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Exercise-induced bronchospasm: A case study in a nonasthmatic patient

Authors
Journal
Journal of the American Academy of Nurse Practitioners
1041-2972
Publisher
Wiley Blackwell (Blackwell Publishing)
Publication Date
Volume
24
Issue
1
Identifiers
DOI: 10.1111/j.1745-7599.2011.00691.x
Keywords
  • Case Study
Disciplines
  • Medicine

Abstract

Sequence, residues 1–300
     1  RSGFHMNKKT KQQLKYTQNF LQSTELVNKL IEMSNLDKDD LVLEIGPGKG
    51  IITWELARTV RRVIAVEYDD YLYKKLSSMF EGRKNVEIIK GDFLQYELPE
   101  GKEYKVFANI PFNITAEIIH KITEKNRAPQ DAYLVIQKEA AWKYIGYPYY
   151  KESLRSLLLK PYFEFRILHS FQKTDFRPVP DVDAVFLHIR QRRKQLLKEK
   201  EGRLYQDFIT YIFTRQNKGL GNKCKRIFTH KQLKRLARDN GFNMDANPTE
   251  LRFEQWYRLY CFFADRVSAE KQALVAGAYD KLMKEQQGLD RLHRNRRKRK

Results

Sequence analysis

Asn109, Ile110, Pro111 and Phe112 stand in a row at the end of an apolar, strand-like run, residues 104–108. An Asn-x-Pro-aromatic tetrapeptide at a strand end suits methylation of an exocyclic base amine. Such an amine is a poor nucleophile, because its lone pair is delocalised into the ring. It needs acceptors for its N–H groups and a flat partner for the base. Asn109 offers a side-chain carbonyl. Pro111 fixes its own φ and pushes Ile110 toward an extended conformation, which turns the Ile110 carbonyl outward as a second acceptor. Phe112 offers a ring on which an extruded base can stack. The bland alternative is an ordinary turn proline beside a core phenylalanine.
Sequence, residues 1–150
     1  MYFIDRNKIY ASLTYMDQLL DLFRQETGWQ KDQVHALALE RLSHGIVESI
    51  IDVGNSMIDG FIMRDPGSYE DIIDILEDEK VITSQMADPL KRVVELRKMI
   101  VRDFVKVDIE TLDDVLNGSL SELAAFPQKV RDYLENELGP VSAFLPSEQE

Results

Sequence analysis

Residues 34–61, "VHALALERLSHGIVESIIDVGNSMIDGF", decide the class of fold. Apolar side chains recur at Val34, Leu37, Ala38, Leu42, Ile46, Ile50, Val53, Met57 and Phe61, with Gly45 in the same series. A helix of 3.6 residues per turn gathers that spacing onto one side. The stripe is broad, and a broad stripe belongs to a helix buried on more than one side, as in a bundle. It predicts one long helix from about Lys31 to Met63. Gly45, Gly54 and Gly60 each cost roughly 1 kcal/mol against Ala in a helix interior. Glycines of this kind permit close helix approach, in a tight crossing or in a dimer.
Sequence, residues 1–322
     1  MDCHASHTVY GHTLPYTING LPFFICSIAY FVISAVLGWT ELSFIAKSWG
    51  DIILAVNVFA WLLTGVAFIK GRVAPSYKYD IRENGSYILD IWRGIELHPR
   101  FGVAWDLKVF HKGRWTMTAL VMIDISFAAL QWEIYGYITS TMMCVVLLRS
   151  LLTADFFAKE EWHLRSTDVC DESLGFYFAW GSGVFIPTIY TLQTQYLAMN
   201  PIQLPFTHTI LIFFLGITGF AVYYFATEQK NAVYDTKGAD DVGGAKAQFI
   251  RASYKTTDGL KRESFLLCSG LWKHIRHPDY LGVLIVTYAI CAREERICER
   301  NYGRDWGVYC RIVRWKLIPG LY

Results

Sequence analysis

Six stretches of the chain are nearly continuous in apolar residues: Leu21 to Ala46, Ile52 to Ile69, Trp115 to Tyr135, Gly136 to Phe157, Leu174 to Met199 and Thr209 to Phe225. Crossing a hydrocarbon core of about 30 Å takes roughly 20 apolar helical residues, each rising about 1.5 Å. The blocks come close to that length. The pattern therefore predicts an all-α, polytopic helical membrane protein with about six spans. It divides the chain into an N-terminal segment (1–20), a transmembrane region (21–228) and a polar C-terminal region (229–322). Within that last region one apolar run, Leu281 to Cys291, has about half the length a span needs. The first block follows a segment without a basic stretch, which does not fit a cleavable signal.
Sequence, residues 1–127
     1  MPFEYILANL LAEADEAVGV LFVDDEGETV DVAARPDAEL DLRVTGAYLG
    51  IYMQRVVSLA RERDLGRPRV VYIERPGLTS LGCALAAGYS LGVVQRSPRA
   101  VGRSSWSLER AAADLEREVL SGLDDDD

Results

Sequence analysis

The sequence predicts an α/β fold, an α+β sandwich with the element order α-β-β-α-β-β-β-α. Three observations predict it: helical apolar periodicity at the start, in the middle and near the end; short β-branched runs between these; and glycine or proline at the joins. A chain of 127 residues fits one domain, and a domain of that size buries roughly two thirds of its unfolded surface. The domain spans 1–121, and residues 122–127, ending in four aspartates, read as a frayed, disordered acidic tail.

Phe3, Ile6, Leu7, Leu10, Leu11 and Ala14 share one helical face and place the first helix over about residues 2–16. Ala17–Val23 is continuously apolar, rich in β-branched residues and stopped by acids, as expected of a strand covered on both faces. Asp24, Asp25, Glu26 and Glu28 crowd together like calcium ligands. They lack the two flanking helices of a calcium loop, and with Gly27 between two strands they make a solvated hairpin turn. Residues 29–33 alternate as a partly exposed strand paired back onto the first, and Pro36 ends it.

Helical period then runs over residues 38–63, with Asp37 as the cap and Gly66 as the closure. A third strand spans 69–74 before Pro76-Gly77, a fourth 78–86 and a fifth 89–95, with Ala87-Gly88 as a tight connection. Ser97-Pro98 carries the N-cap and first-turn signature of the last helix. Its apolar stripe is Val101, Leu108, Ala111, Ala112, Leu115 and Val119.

Purpose To provide an overview of the clinical presentation, diagnosis, and management of exercise-induced bronchospasm (EIB) without underlying asthma. Data sources Case presentation and review of the EIB Landmark Survey. Conclusions EIB is a common and well-described occurrence in patients with asthma, as well as in patients with no overt respiratory condition. Treatment with a short-acting beta-agonist before starting exercise is effective, yet this treatment approach is underutilized in the majority of patients with asthma. Implications for practice This case highlights the implications of undermanaged EIB and the disconnect between healthcare provider recommendations and the beliefs and behaviors in patients with EIB. Inhaled short-acting beta-agonists can attenuate EIB in 80%–95% of patients and are effective during 2–3 h of exercise. Patients with a compromised level of physical activity because of EIB who do not respond to conventional treatment strategies should be referred to a respiratory specialist for diagnostic evaluation and confirmation of underlying asthma. Nurse practitioners should remain vigilant to identify untreated EIB and ensure that affected patients understand the condition and appropriate treatment options.

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